• Assertion: ¬∃e. [meet(e, Joe, Mary) ∧ Run(e) ⊆τ]

• Domain alternatives: {¬∃e.[meet(e, Joe, Mary) ∧ Run(e) ⊆τʹ] | τʹ⊆τ}

Hence, under our revised representation of in years, couched within Iatridou, Anagnostopoulou, and Izvorski’s (2001) and von Fintel and Iatridou’s (2019) approach, it still follows under the general approach to NPI-hood as formulated by Chierchia that—given that it is contrastively focused (an assumption that Chierchia makes and on which we are happy to follow him)—once in years introduces smaller subdomains of the PTS as domain alternatives, it is a domain widener.14 However, taking in years to be a PTS adverbial that introduces domain alternatives opens up a way to understand its special inferences.

Thus, we take in years to be a domain widener that stretches its domain of quantification beyond any contextual restrictions. Since the domain of quantification in the case of in years is the PTS, contextual restrictions that may normally apply to the PTS no longer do so. Thus, in years must do two jobs: being a PTS adverbial, it must set the LB of the PTS; and being a domain widener, it must widen (i.e., extend) the PTS as much as possible. As shown earlier, in years is like other PTS in- and for-adverbials in that it sets the PTS not by naming it (as since-adverbials do) but by stretching backward from the RB (which is set by Tense). Putting these properties together, the result is that in years stretches backward as far as possible from the RB.

Then, there are two seemingly conflicting requirements on in years. On the one hand, it needs to set the LB; on the other hand, it needs to stretch backward as far as possible from the RB, beyond any contextually salient alternatives. How can it satisfy both requirements at the same time? The resolution of the conflict lies in the fact that the in years-adverbial stretches backward as much as is logically possible. That is, it stretches backward from the RB until the point where the sentence would become false. Where is that point?

The only point in time that in years cannot skip over on its stretch-backward-from-the-RB path is the point where an event of the relevant sort took place. Stretching the PTS any farther back would make the sentence false, as the assertion is that no event of the relevant sort occurred in the PTS. In (40a), in years can stretch the PTS back until the first seizure that it meets, which is effectively the most recent seizure (the example is schematized with the RB at UT, as in a present perfect).

(51)

Stretching the PTS less far than to the relevant event (i.e., to some contextually salient time instead of the event time) is problematic as well. In that case, there would be a bigger PTS in which the event did not hold as a contextual alternative; however, as a domain widener in years requires the PTS to be larger than any contextual alternative. The only way to resolve this is by stretching the PTS back until its LB reaches the relevant event, as that is the maximal PTS in which no event of the kind holds.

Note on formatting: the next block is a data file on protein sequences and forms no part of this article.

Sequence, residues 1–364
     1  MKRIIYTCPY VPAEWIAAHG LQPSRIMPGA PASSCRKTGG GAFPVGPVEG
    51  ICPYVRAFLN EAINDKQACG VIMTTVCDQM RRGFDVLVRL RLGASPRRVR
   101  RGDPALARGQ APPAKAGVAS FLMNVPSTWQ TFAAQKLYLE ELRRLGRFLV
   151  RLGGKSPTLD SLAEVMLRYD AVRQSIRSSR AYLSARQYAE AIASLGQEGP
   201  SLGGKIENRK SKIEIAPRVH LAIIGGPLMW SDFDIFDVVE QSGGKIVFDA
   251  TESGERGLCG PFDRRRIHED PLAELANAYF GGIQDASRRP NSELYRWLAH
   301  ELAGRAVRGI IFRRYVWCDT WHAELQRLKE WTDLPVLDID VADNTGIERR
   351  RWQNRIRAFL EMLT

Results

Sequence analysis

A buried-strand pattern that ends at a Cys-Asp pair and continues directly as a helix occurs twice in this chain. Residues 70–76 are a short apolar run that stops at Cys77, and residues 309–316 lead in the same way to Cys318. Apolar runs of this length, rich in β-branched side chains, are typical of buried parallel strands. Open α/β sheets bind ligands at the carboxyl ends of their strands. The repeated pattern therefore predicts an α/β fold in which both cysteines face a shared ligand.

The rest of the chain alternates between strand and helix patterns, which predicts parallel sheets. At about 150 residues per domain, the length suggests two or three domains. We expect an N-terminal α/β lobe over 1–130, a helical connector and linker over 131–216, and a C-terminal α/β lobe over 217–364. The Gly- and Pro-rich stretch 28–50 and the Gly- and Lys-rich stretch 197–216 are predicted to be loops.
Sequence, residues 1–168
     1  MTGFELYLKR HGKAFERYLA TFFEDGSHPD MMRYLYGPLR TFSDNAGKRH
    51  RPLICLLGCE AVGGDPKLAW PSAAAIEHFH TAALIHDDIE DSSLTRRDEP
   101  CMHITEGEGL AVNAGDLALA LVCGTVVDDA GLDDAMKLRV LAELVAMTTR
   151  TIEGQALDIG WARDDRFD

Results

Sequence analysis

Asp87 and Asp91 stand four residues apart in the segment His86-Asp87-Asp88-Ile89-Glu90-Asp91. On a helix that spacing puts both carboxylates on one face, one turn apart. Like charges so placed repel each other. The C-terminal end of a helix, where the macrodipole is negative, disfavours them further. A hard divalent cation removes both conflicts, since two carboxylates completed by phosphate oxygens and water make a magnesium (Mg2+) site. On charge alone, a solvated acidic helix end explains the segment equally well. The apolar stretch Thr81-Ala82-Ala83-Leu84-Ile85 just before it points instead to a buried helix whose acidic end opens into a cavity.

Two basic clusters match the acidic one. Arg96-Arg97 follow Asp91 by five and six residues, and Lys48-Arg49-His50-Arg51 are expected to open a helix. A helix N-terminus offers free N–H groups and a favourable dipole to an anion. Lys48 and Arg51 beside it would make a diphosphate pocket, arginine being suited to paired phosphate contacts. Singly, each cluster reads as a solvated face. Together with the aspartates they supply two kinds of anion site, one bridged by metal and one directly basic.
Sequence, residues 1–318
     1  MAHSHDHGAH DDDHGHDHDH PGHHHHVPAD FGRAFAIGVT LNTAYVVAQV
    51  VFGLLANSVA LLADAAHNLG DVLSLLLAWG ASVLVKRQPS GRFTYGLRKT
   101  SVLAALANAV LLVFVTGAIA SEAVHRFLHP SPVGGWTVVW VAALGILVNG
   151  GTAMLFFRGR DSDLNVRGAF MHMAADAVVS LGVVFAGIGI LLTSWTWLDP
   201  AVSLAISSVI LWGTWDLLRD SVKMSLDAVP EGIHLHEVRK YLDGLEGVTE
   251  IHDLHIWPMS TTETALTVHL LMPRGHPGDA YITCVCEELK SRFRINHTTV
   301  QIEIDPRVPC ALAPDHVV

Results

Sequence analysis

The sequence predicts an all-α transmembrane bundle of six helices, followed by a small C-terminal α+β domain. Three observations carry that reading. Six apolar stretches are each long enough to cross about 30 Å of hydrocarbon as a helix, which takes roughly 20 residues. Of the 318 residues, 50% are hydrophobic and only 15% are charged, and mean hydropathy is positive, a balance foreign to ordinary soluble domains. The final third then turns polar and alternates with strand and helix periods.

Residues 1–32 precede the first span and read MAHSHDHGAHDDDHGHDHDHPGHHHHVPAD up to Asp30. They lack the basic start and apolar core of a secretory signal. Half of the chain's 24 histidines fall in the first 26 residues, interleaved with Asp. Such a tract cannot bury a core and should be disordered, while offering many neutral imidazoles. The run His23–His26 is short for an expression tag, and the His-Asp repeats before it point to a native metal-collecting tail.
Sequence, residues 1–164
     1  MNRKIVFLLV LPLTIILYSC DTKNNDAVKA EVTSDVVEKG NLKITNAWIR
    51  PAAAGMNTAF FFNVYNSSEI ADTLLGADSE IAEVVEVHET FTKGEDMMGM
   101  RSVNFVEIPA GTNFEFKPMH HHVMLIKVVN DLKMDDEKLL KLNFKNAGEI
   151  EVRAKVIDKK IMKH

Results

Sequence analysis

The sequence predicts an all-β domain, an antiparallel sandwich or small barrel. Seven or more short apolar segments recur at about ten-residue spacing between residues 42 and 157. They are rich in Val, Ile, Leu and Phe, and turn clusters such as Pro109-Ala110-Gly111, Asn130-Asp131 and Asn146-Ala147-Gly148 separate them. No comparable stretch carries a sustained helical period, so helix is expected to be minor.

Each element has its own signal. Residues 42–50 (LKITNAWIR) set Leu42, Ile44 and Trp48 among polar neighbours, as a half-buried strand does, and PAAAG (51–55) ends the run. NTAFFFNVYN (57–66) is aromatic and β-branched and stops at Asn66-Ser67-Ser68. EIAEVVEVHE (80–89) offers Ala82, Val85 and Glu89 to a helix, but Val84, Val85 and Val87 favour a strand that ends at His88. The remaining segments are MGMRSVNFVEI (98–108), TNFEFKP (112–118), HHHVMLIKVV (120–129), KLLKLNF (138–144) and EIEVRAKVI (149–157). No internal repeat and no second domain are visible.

The occurrence of an event of the relevant sort is thus necessary because it is the only way to enable the resolution of conflicting requirements on in years, to (a) set the LB and (b) set it as far as possible backward from the RB. This explains why with in years, there unavoidably is an event of the relevant sort, why that event unavoidably occurs at the LB, and why the time of the event is unavoidably earlier than any other contextually salient alternatives (BEI). The event being earlier translates into the PTS being bigger; that is, the domain of quantification is extended. None of these facts are unavoidable with other PTS adverbials.

It is important to note that in this sense the domain widener in years differs from domain-widening any. With in years, there is a limit to the domain widening, since the PTS is presupposed to have an LB. There is no such limit on the domain widening of any; there is no external factor that limits its absolute domain widening. In a sentence like Kadmon and Landman’s (1993) famous I didn’t eat ANY potatoes, domain widening goes maximal. It is not assumed that it can stretch only up to leaving one potato uneaten or leaving something other than a potato uneaten. However, with in years, a limit is placed by a factor external to its domain-widening nature—namely, by its nature as a boundary adverbial.

The above account, then, derives Constant’s observation (i.e., the noncancelability of the AI with in years at its LB) and the BEI. Like any perfect, a negated perfect presupposes that the LB of the PTS exists, as—like any interval—the PTS can only be defined by virtue of its boundaries. In the case of in years, the LB can only be set if there is a prior event: no other option is logically possible. Therefore, the unacceptability that arises when there is no prior relevant event is the result of a presupposition failure. To be precise: the presupposition is not that there is an actual event; the presupposition is that there is an LB to the PTS (see section 10 for more discussion). But with the specific LB adverbial, only a relevant event can satisfy this presupposition. In other words, in years differs from in (the last) 5 years, where there is no noncancelable AI and where the BEI is absent.